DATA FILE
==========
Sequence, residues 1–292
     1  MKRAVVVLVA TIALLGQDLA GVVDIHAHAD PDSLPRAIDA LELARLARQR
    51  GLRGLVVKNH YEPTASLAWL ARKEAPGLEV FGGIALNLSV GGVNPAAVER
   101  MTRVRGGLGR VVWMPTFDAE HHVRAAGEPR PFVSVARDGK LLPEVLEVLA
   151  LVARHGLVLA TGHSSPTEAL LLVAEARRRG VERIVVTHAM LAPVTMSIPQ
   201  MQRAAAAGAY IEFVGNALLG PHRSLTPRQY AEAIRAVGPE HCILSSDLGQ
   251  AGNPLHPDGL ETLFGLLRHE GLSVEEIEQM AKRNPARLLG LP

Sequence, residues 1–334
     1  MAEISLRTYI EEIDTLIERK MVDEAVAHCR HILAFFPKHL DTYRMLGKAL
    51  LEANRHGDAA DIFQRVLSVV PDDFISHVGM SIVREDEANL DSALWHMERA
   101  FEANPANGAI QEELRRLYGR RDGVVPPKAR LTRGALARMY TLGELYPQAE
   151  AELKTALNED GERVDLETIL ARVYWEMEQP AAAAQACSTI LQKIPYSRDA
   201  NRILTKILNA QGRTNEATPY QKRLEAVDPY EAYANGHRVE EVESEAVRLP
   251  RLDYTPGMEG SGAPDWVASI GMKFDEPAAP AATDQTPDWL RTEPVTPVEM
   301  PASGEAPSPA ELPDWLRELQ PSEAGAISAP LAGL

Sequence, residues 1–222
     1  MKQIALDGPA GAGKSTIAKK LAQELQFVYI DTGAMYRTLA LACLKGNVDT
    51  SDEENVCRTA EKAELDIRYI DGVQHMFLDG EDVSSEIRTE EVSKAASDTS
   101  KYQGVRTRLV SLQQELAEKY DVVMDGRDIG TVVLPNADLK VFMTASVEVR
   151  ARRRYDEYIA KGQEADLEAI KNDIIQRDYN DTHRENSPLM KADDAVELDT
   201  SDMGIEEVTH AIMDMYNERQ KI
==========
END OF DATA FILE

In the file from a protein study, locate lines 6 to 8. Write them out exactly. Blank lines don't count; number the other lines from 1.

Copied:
   201  MQRAAAAGAY IEFVGNALLG PHRSLTPRQY AEAIRAVGPE HCILSSDLGQ
   251  AGNPLHPDGL ETLFGLLRHE GLSVEEIEQM AKRNPARLLG LP

Sequence, residues 1–334